Volkswagen Tiguan Comfortline 132TSI and thoughtfully designed, beautifully made and polished mid-size SUV
What is it?
The second generation Volkswagen Tiguan, tested here in mid-spec Comfortline trim with the punchy 132TSI petrol motor. The Tiguan slots into one of the busiest and most competitive segments in the market, and goes up against the likes of the excellent Kia Sportage, Hyundai Tucson, Mazda CX-5, Renault Koleos, Subaru Forester, Nissan X-Trail, Toyota RAV4 and Holden Equinox.
So the Tiguan needs to be good if it is to find its way onto driveways.
What’s it cost?
Volkswagen offers the Tiguan in a number of trim levels and engine choices to appease a wide range of buyers with different needs and budgets. The range kicks off with the 110TSI Trendline manual with front wheel drive, which is priced from $31,990 plus on roads and extends all the way to the Tiguan Wolfsburg Edition, which has a recommended sticker price of $55,490 plus on roads.
Our test car, a 132TSI Comfortline slots somewhere in the middle with a list price of $41,990 plus on road coats. Key standard equipment includes climate control, satellite navigation, a plethora of airbags, a reversing camera, lane keep assist and departure warning, front and rear emergency braking, pedestrian detection, tyre pressure monitoring and an electronic diff lock. Apple CarPlay and Android Auto are fitted for extra convenience, along with a heap of clever storage cubbies. More on these later.
Our test car was fitted with the $2,200 Driver Assistance Package, which features are sharp digital instrumentation display, adaptive cruise control, rear cross traffic alert, blind spot monitoring with active assistance and a front a rear camera system.
What’s it go like?
Refinement is the Tiguan’s key calling card. Performance from that 2.0 litre turbocharged engine that develops [email protected],000rpm and 320Nm @ 1500-3940rpm is commendable, offering a broad power band that makes for swift overtaking and relaxed cruising. The 2.0 litre engine is paired to Volkswagen’s seven-speed dual clutch transmission (DSG), which sends power to the 4Motion all-wheel drive system. The DSG was a delight with gear changes being slick and pretty much imperceptible.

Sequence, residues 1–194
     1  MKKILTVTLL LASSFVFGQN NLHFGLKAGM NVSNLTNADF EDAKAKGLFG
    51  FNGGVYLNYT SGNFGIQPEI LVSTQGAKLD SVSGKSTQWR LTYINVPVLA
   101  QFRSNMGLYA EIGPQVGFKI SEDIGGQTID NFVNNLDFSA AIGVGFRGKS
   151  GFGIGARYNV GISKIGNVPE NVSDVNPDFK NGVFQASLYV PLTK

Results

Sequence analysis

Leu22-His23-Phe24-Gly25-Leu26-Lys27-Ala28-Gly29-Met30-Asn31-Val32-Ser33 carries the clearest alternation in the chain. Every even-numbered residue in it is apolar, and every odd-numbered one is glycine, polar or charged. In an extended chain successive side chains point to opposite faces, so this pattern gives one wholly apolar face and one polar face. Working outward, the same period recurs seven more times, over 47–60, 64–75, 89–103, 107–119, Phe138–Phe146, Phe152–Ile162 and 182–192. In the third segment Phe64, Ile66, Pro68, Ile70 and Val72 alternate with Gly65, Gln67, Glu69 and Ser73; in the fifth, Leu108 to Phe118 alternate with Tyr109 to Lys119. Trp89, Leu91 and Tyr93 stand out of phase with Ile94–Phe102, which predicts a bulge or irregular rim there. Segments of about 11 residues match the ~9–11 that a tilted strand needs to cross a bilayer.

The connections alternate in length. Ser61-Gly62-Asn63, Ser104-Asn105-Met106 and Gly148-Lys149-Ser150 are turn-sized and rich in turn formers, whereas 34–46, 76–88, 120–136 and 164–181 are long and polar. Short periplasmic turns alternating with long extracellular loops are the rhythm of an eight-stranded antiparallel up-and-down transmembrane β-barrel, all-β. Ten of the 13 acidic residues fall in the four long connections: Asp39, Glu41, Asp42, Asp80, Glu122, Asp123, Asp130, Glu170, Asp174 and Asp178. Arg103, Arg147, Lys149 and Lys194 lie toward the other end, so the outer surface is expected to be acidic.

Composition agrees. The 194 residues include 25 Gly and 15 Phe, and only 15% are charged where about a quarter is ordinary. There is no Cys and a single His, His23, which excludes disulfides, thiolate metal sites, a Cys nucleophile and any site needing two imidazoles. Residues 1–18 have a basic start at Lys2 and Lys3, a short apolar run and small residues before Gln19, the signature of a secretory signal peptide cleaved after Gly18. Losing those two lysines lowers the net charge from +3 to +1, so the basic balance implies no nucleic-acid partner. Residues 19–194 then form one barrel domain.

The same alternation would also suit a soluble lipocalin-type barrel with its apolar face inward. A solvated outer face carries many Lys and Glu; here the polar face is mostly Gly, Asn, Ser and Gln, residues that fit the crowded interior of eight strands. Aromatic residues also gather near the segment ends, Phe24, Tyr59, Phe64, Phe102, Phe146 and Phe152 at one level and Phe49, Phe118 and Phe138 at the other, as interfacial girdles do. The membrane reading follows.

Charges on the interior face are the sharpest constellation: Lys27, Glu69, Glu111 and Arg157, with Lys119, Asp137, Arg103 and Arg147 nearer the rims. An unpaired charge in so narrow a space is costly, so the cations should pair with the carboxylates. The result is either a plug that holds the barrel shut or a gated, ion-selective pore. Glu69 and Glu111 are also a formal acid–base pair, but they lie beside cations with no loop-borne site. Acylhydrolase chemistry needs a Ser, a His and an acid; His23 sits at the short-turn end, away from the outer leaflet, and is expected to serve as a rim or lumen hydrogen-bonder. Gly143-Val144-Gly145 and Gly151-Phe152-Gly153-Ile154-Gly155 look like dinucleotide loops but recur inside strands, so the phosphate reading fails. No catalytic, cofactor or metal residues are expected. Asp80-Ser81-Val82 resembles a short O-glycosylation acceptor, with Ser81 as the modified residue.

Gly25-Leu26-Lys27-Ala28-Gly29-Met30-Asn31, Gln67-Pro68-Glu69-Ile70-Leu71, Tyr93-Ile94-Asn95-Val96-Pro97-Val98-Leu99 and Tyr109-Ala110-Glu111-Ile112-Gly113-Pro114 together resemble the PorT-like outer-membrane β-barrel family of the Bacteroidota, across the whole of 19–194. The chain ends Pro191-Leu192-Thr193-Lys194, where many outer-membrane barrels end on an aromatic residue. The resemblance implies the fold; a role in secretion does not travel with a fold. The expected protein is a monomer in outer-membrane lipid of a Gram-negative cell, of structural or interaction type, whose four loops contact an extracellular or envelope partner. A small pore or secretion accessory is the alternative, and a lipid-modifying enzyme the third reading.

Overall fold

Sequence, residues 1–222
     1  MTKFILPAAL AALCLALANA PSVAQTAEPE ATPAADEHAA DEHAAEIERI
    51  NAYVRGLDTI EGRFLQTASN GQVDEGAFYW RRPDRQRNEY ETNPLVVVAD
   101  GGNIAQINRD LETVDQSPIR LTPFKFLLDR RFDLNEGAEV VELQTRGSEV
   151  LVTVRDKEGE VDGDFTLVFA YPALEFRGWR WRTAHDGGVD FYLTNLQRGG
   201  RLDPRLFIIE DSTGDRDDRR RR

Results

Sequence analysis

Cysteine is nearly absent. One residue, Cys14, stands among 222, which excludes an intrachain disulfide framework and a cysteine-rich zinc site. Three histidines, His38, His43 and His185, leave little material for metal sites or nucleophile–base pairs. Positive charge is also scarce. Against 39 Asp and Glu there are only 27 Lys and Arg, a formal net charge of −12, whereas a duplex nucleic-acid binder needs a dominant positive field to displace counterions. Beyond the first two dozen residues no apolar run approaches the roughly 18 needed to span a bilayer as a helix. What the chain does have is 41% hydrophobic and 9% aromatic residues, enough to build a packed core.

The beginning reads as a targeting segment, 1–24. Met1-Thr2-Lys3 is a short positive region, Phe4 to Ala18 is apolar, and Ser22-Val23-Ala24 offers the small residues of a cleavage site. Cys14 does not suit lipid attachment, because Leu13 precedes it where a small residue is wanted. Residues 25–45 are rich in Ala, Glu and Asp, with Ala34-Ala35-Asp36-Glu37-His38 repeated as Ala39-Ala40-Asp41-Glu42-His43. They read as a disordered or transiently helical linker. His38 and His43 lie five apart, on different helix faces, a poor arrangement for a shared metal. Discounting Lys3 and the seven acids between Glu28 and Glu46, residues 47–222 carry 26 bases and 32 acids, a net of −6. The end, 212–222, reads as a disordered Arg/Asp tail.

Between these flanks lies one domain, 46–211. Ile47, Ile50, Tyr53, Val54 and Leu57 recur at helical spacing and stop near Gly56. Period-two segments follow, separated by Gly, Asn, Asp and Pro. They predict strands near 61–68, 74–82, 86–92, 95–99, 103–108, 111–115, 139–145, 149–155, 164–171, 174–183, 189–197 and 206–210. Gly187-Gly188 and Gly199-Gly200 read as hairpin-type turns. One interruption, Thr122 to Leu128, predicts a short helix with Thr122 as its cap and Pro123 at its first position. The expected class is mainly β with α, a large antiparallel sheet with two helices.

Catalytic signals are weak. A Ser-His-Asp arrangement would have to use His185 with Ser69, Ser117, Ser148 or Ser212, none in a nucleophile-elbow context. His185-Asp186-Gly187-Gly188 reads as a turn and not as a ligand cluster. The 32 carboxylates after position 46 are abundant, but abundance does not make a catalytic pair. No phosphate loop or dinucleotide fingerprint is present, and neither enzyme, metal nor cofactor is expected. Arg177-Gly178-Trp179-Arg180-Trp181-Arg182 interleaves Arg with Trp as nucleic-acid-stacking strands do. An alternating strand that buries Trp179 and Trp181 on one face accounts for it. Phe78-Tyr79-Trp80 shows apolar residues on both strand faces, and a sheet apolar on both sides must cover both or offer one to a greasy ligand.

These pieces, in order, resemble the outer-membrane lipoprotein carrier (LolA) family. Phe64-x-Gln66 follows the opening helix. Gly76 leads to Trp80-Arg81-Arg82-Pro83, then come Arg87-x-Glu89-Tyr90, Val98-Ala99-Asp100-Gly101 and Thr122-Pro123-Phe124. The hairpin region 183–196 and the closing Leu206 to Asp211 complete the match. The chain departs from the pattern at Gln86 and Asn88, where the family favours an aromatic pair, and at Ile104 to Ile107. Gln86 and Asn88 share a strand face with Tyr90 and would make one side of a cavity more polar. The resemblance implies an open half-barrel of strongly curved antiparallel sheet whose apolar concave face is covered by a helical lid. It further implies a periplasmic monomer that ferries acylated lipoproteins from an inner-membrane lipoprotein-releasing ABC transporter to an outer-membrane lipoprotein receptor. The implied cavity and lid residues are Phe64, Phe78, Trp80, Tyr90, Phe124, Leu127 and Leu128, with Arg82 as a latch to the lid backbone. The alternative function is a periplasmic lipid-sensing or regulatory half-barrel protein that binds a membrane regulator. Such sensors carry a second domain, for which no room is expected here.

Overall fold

Minimal engine noise filters through to the cabin and only when you’re really pressing on does the power plant makes itself heard. It’s a similar story with road noise, very little can be heard inside.
Ride quality is firm, with a focus on comfort and as such, is never jarring or unpleasant. This tautness is reflected in the handling, which is always poised and composed.
The front and rear camera system that forms part of the Driver Assistance pack made parking a doddle and image clarity on the centrally screen was crystal clear. The adaptive cruise control system was quick to respond to changing traffic conditions.
The Driver Assistance Pack is a worthy option, and we found each of its technologies useful, but we feel that VW should make the pack standard to further enhance the appeal of the Tiguan 132 TSI to prospective customers.
Overall, the Tiguan 132TSI is a polished and classy small SUV to drive.
What’s it like inside?
People who buy small SUVs generally – not always! – have a couple of children. And with children come an array of different paraphernalia, ranging from food to iPads to various different toys. Slip inside the Tiguan’s cabin and you’ll soon discover that Volkswagen’s designers had families and all their gear in mind. The array of different storage compartments throughout the interior are impressive. There are decent-sized roof mounted cubbies that could swallow a whole variety of different oddments.
Feeling hungry up the back? Then enjoy your feast on the airline-style tray tables that emerge from the backrests of the front seats. You needn’t worry about drink spillage either, the tray tables have built in cup holders. Thoughtful stuff.
The rear bench is firm and supportive in a Teutonic sort of way, and rear leg and headroom is more than adequate. Occupants sit up high too, giving them a commanding view of outside.
Up the front, the dashboard design is simply designed and sensibly laid out. We liked the infotainment system for both its ease of use and the quality of the system design, graphics and animations. The stereo wasn’t half bad, either, serving up good sound quality and power.
That optional digital instrument cluster is a must have. It has a huge amount of configurable settings, each of them easy on the eye. We particularly like how the satellite navigation mapping and instructions can be displayed in the instrument cluster, reducing the amount of time the driver is taking their eyes off the road when trying to make their way to a less-than-familiar destination.
The satellite navigation voice itself was unusual, with her accent a seeming combination of English and German.
As per the rear, the two occupants sit up high, giving both passengers that towering driving position for which many SUVs are purchased.
Around the back, lift up the manually operated tailgate and you get a handy 615 litres of boot space with the seats folded up, and a cavernous 1655 litres with the seats folded down.
In sum, the Tiguan Comfortline interior may not be overly exciting, but it is intelligently designed, beautifully executed and optimised to customer needs.
What we like:
- Clever interior design
- Drivetrain refinement
What we don’t:
- It’s not cheap
- Drive Assistance Pack should come standard
- Cloth trim looks a little low rent but feels hardwearing
- A power tailgate would be nice
Smart, clever and svelte, the Volkswagen Tiguan 132TSI Comfortline holds its own in the small SUV segment.